“Deep calls to deep in the roar of your waterfalls; all your waves and breakers have swept over me.” (v. 7)
In like manner and in keeping with the psalmist’s metaphor of waves and breakers, I would have to say that lately this leaky old vessel has been feeling a bit battered about; loaded down with sorrow and taking on water. At night, often I feel overwhelmed. Or at times during the day, anxiety comes sweeping in. It is at these times that joy seems far away, but hope remains. At least that is the way it is supposed to operate. Hebrews 6:19-20 says that God has attached me to hope as an anchor, and I can take courage until the waves die down (although I may need to keep bailing). Using tabernacle imagery, the passage states that this anchor of our true hope “enters the inner sanctuary behind the curtain, where Jesus, who went before us, has entered on our behalf. He has become a high priest forever, in the order of Melchizedek.” (v. 19)
During these days when the C-19 pandemic seems to dominate our thoughts, overshadowing (if we let it) the message of Easter, we especially need to stay attached to that anchor. Imagine the thoughts and lament of those first disciples as they watched
Christ being cut off from them; the brooding silence and emptiness as they turned away from the cross, the closed tomb, and even each other. They did not know it at the time, it was beyond their wildest imagination, but resurrection followed and Christ would be standing in their midst. We don’t know how long this period of “isolation” will last, but we can rest in the promise that Christ has gone before us, by his wounds we have been healed, and he has entered the Holy of Holies on our behalf.
“Therefore, brothers and sisters, since we have confidence to enter the Most Holy Place by the blood of Jesus, by a new and living way opened for us through the curtain, that is, his body, and since we have a great priest over the house of God, let us draw near to God with a sincere heart in full assurance of faith, ... . Let us hold unswervingly to the hope we profess, for he who promised is faithful. And let us consider how we might spur one another on toward love and good deeds. Let us not give up meeting together (by “FaceTime”, “Zoom” or whatever), as some are in the habit of doing, but let us encourage one another ... .” (Heb. 10: 19-25)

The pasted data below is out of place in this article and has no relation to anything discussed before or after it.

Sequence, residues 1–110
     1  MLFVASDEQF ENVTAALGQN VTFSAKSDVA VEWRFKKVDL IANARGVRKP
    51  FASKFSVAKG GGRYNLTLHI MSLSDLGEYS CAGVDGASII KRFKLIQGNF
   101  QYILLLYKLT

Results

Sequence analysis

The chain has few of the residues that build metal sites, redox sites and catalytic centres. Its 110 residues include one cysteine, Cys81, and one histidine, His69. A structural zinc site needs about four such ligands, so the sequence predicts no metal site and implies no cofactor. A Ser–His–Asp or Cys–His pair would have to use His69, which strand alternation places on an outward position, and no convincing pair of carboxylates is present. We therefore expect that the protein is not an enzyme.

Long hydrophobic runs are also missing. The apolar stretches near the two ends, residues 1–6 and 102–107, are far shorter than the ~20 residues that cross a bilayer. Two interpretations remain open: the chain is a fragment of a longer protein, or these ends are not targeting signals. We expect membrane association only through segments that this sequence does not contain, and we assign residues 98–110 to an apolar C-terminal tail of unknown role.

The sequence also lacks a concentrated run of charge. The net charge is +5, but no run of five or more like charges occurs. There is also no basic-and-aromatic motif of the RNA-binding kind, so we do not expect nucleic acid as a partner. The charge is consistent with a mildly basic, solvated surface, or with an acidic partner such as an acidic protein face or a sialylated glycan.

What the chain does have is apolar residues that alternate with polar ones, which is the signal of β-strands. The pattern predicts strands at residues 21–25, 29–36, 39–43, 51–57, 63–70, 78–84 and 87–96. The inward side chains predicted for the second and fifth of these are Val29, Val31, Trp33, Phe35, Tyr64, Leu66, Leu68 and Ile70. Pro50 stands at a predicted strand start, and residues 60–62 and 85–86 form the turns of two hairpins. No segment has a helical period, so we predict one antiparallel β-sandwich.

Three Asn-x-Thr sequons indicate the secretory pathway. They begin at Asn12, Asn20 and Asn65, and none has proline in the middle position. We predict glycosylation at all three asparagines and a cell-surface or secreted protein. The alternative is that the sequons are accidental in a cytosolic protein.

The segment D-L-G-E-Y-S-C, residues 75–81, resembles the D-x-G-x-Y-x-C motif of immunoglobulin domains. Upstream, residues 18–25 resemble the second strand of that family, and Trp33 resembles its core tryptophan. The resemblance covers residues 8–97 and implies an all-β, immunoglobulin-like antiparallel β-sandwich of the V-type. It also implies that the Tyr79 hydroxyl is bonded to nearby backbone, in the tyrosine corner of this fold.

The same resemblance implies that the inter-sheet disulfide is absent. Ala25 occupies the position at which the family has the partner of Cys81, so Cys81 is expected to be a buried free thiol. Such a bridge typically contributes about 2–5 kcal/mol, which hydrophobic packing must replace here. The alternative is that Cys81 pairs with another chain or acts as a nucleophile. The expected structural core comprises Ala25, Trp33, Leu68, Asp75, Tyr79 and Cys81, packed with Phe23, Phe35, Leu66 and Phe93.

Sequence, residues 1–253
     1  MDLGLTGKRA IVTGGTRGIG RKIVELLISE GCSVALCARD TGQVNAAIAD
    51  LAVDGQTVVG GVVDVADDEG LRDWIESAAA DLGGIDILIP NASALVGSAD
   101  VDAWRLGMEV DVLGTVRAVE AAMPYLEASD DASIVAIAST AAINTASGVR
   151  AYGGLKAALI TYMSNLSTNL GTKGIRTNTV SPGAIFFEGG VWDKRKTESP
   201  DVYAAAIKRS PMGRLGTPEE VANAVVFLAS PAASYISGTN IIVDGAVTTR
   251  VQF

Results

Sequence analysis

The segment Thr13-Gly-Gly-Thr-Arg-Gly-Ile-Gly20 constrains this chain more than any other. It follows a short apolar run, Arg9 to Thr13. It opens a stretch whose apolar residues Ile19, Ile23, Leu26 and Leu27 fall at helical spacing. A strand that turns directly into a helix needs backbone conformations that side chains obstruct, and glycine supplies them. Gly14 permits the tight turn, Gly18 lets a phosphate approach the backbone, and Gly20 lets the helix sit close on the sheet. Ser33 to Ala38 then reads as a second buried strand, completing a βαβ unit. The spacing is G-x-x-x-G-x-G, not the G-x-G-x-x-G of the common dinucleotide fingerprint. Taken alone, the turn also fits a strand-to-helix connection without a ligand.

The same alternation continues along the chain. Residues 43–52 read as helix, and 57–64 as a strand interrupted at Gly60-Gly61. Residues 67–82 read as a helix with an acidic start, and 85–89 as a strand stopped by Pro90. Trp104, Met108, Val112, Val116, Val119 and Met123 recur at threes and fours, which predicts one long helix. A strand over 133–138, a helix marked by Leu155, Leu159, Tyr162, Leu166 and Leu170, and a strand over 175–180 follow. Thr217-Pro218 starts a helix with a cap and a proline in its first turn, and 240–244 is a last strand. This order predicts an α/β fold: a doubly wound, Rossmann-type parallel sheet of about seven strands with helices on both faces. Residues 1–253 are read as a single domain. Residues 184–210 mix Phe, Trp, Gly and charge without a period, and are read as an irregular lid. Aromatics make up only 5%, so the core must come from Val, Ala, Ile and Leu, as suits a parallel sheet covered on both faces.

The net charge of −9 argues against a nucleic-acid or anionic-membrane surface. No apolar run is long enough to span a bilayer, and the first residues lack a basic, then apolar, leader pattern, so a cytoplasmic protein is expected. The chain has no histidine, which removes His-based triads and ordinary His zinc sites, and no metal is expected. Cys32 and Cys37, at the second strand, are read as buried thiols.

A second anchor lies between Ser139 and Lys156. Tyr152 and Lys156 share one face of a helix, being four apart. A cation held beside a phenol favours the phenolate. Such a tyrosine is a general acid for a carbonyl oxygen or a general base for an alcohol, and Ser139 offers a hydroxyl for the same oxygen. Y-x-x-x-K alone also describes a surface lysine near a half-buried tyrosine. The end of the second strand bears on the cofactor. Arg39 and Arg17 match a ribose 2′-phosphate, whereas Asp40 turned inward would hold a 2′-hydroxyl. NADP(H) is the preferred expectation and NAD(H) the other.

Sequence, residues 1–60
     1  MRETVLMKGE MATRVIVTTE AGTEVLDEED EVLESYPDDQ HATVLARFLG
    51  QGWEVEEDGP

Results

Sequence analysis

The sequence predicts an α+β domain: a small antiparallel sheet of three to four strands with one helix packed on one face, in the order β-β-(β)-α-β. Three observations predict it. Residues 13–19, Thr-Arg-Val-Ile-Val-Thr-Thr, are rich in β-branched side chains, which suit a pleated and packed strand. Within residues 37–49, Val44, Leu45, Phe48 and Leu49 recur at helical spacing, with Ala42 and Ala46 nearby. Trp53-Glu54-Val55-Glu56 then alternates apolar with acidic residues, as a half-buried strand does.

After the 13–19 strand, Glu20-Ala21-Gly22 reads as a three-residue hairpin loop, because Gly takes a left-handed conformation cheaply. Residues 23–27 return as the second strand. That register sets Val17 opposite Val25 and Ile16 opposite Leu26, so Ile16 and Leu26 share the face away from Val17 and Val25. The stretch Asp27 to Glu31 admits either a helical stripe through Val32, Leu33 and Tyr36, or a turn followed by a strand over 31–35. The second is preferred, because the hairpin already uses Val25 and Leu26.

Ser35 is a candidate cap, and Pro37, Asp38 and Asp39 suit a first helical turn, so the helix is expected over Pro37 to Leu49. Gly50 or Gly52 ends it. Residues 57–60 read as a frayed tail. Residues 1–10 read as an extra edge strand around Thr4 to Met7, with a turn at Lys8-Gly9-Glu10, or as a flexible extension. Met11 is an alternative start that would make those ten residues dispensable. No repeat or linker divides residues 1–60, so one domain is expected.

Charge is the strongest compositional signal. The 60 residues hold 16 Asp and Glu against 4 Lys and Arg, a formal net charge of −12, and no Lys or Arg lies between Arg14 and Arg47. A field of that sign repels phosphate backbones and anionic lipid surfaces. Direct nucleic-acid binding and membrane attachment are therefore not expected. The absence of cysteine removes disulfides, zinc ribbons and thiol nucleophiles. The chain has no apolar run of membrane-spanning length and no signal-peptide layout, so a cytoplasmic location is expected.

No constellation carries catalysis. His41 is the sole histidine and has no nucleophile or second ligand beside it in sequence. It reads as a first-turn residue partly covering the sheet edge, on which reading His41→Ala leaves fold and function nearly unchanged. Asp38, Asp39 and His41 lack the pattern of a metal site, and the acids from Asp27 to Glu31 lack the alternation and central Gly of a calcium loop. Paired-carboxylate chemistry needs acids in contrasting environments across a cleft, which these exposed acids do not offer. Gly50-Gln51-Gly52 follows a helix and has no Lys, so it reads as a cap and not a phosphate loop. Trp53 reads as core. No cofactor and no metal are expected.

I miss the warm and familiar comfort of our times physically together at Varsity Bible Church, but that does not mean that we are now alone or isolated. In Christ we are one, so let us use these times to encourage and strengthen one another. In the midst of our sorrow, isolation and uncertainty, we will find a quiet place where we begin to sense the heart-beat of our Heavenly Father for we are within his embrace. Going back to Paul’ssecond letter to the Corinthians, he shared his struggles with hardship and despair:
“We were under great pressure, far beyond our ability to endure, so that we despaired even of life. Indeed, in our hearts we felt the sentence of death. But this happened that we might not rely on ourselves but on God who raises the dead. He has delivered us from such a deadly peril, and he will deliver us. On him we have set our hope that he will continue to deliver us, as you help us by your prayers.” (II Cor. 1:8b-11a)
These are difficult and uncertain days. Some may be experiencing to varying degrees the kind of despair that Paul wrote about. Certainly we know through the connections our church has with the wider world community, that there are many for whom the “sentence of death” is very much a clear and present reality. Use these times of lament to draw near to the heart of God. See through your tears, clearer than ever before, the love that God has demonstrated towards his broken world, both the cross and the empty tomb, and in turn share that love in praying, practical and self-giving ways. May our prayers conclude with praise:
“Praise be to the God and Father of our Lord Jesus Christ, the Father of compassion and the God of all comfort, who comforts us in all our troubles, so that we can comfort those in any trouble with the comfort we ourselves have received from God. For just as the sufferings of Christ flow over into our lives, so also through Christ our comfort overflows.” (II Cor. 1:3-5)